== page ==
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7 - Latin Reception of the Apocalypse in the Early Middle Ages

Published online by Cambridge University Press:  28 February 2020

Colin McAllister
Affiliation:
University of Colorado, Colorado Springs
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Summary

This chapter investigates the Latin interpretations of the last book of the Christian Bible, the Apocalypse or Revelation to John, up to the end of the ninth century, with a focus on the ways in which—and the reasons why—these interpretations (unlike later medieval and many modern readings of this book) are largely historical rather than focused on the end of the world.

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Publisher: Cambridge University Press
Print publication year: 2020

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References

Bright, Pamela. The Book of Rules of Tyconius: Its Purpose and Inner Logic. Notre Dame, IN: University of Notre Dame Press, 1988.Google Scholar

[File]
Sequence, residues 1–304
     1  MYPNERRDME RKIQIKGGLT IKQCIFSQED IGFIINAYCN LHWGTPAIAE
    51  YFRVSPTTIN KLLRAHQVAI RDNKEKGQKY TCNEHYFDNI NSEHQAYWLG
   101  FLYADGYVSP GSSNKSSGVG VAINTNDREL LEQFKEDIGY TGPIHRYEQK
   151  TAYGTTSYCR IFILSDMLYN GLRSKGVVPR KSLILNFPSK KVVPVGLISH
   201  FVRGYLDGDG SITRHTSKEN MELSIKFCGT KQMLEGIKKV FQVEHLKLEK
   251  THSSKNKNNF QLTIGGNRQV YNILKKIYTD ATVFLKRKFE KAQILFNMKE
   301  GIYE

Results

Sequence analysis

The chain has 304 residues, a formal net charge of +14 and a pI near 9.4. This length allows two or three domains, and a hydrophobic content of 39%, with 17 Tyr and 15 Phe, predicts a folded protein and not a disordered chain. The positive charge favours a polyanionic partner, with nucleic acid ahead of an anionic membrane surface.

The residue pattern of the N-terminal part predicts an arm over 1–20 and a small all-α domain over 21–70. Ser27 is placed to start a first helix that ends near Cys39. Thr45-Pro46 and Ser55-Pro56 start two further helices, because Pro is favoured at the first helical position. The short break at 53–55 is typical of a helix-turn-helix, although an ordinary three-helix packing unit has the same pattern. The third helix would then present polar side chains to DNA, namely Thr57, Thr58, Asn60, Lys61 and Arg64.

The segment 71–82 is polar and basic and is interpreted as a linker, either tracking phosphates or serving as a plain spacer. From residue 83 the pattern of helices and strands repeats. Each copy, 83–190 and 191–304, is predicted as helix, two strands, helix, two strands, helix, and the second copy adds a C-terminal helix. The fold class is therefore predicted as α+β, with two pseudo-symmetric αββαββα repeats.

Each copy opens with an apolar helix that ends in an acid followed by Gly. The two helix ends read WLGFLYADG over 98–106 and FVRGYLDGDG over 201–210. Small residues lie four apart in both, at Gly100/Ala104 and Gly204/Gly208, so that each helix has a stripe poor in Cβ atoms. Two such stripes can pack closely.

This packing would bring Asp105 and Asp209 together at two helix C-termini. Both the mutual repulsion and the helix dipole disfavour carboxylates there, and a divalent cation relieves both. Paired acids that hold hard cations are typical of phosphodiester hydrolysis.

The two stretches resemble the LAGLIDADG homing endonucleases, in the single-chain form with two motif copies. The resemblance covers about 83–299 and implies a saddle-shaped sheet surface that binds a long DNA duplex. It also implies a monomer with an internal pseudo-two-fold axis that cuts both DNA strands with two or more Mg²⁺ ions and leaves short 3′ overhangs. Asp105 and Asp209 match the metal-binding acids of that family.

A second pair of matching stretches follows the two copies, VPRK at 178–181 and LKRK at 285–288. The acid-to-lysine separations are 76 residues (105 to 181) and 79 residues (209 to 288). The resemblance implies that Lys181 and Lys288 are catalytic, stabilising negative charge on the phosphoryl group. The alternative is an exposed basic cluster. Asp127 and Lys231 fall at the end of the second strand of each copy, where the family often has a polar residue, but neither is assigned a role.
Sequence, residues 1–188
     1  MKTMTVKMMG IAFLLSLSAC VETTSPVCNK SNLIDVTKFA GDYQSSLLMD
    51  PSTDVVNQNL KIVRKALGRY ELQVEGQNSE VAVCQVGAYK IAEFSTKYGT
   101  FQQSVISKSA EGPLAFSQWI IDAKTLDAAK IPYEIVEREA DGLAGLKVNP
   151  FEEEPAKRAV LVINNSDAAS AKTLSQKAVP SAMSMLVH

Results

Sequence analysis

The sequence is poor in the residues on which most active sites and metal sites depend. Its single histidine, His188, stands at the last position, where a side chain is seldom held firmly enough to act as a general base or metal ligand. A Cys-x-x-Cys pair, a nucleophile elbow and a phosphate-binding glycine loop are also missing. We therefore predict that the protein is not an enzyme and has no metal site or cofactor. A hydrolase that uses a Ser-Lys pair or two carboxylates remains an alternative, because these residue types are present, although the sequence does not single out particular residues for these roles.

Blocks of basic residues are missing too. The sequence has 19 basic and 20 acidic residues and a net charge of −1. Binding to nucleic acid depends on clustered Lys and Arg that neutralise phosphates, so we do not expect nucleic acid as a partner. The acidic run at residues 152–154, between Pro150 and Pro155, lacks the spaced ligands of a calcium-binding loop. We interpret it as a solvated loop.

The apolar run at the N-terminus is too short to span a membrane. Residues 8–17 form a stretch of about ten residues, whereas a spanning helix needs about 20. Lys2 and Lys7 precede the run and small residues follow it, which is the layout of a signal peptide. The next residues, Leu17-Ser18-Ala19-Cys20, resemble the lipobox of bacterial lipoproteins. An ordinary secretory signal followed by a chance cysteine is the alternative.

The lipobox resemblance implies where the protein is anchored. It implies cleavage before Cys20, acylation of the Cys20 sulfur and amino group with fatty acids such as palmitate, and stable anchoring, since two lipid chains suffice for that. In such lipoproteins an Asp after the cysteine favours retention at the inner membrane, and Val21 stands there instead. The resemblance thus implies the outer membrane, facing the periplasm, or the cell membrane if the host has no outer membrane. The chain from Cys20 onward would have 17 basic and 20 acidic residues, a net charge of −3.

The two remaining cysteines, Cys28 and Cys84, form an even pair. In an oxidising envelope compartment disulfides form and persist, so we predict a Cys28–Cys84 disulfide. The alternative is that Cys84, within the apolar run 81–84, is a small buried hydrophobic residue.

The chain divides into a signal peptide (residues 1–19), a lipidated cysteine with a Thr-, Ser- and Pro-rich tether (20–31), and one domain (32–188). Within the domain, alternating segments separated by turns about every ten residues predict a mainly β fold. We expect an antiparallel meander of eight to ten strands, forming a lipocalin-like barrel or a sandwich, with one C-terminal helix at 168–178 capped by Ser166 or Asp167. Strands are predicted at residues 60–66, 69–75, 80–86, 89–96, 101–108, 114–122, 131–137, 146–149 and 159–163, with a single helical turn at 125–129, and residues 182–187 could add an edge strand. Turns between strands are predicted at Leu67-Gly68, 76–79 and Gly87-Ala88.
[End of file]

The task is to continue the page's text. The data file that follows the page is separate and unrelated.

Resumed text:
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Tyconius., Exposition of the Apocalypse. Translated by Gumerlock, Francis X.. Fathers of the Church 134. Washington, DC: Catholic University of America Press, 2017.Google Scholar
Weinrich, William C., trans. Latin Commentaries on Revelation. Ancient Christian Texts. Downers Grove, IL: InterVarsity Press, 2011.Google Scholar
Williams, John. Visions of the End in Medieval Spain: Catalogue of Illustrated Manuscripts and Study of the Geneva Beatus. Late Antique and Early Medieval Iberia. Edited by Martin, Therese. Amsterdam: Amsterdam University Press, 2017.Google Scholar

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